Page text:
By Debby Giusti
Rose’s head pounded. The dull throb that had started on her flight to Virginia had escalated throughout the afternoon and continued to sour what should have been a joyous reunion with Mason. Now, sitting in his office and staring at the handsome and seemingly competent lawyer added confusion to what was turning into a very unsettling day.
In addition to her concerns about the property, she was also having concerns about Mason. What they had experienced fifteen years ago had seemed so right, yet the flutter in her stomach whenever he smiled at her could be the result of a foolish memory she had held onto for far too long. Instead of a mysterious boy who had stolen her heart, she was interacting with her father’s executor, a man who was providing sobering information about financial matters that could impact the rest of her life. The idea of owning a town had been difficult to accept. Realizing the inheritance came at a hefty price she would somehow have to pay compounded the problem. Where would she get the capitol she needed?
She took the papers Mason held out to her. Carefully, she sorted through the brittle, yellowed pages until her gaze fell to what appeared to be an aged document. Leaning closer, she struggled to read the fluid script written with a flourish.
“Be it remembered on the 7th day of April 1878 that Mr. Andrew DeFoliate, aged twenty-five, and Miss Martha Grant, aged twenty-one, were lawfully married …”
Even more confused, she glanced at Mason. “Martha Grant? Was she a relative?”
His smile faded. “A very distant relative.”
“But she married one of the DeFoliates.” Rose tilted her head. “That means the brothers who are trying to buy my grandfather’s property are your relatives.”
“Distant relatives, Rose.” He stood and rounded the desk. “I would never encourage you to sell to either developer.”
“Did my grandfather realize that his lawyer—the man he trusted to provide sound legal advice--was related to the people who wanted to buy his town?”
Mason’s face darkened. “I don’t recall the subject ever came up.”
“Were you withholding the information from my father?”
“Of course not. Surely you remember that I encouraged you to keep the property.”
Had he? As much as she wanted to recall what Mason had said, she could only remember his twinkling eyes and inviting smile. What was wrong with her? In her real life back in San Francisco, she was an accredited historian. Since arriving in Lovelace, she’d stepped back in time and was acting like a teenager in love.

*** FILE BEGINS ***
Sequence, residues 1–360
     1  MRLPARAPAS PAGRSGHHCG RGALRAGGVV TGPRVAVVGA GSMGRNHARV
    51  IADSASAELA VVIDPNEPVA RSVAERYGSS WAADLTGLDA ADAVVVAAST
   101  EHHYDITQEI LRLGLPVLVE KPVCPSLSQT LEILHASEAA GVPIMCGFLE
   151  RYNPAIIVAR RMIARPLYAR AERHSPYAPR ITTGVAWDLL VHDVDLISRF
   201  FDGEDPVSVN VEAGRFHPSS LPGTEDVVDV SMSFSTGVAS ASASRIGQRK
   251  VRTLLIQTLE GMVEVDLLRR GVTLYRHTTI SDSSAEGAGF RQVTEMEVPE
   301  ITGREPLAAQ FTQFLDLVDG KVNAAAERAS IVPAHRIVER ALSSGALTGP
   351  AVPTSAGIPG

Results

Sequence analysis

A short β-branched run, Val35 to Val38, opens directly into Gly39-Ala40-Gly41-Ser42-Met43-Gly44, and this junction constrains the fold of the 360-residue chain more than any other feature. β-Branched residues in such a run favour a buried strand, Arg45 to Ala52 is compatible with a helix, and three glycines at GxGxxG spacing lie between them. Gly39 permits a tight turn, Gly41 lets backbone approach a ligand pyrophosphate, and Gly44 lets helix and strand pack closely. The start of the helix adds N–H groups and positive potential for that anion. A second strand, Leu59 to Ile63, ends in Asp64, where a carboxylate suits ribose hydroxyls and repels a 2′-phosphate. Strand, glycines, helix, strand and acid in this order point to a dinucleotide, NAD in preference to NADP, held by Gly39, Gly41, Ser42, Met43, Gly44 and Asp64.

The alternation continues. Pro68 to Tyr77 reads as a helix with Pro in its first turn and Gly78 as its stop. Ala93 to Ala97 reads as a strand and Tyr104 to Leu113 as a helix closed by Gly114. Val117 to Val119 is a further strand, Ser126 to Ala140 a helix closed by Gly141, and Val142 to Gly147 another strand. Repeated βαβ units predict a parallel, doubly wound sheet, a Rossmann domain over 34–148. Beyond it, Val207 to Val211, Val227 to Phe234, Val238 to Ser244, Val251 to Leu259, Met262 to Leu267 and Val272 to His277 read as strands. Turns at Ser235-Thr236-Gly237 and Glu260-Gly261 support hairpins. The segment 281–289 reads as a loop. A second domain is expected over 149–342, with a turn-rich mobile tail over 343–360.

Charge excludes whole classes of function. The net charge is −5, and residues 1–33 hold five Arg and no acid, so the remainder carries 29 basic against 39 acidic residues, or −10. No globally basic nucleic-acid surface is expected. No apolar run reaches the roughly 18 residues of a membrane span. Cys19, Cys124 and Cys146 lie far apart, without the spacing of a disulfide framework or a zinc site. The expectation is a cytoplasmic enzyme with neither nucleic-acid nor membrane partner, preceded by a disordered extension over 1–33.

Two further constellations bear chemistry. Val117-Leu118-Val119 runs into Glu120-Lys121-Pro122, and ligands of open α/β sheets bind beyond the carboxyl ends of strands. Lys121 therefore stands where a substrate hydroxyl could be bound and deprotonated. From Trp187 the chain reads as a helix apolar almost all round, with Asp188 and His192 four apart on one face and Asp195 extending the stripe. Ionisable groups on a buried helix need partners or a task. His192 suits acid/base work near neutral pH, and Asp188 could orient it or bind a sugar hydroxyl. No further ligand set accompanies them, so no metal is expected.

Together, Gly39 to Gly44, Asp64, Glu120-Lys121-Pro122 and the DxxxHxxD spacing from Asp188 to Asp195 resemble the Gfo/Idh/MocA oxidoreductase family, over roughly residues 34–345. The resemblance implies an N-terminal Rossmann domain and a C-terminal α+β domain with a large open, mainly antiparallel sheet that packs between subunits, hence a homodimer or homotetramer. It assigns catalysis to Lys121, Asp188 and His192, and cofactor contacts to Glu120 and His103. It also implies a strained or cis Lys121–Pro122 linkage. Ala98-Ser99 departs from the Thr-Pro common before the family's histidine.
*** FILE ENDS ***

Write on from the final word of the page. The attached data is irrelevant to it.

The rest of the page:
Steeling her spine, she broached a question that kept circling through her mind. “If I don’t have the money to pay the taxes and the liens, who gets the property?”
“Ah…” He hesitated for a long moment and blew out a stiff breath. “In that case, the Lovelace Bank would take possession of the property.”
“Then that’s where I need to go.” She returned the papers to his desk, grabbed her purse and hurried out of his office.
Attracted though she was to Mason, she needed information about her options. She couldn’t let his deep set eyes and angular jaw tempt her to do something that wouldn’t be good for the town her grandfather had loved so dearly.
“Rose, wait!” Mason hurried after her.
She raced past the Forever Yours Florist and the Chocolate Confectionery, refusing to glance back lest her resolve weaken and she do something foolish like ask for his advice. Surely, the president of the bank would provide a clearer assessment of her financial situation.
“There’s something I need to tell you, Rose.” Mason fell into step next to her.
Refusing to let down her guard, she crossed the street and marched straight for the bank.
Before she could push open the door, he gently grabbed her arm. “Please, Rose, you need to know that—”
She turned to face him, but as she did, her gaze landed on the bronze wall plaque near the door.
President of the Bank
Mason Grant lV
Her heart stopped. “What’s going on, Mason?” She pointed to the sign.
“I can explain. I’m Mason Grant, the fifth. My father owns the bank.”
In that instant, everything she’d remembered about the handsome guy she’d met by the lake vanished like a bad dream. How had she been so foolish?
Tears burned her eyes. She blinked them back, unwilling to show weakness. “Seems you and your family win no matter what I do.”
He shook his head. “That’s not true.”
“Isn’t it?” She pulled her arm from his hold. “Sell to the DeFoliates or default to the bank. Either way the property returns to your family.”
Needing to distance herself from the man she thought had been someone special, Rose ran back to her grandfather’s house and locked the door behind her. She had left Mason fifteen years ago. If need be, she would leave him again.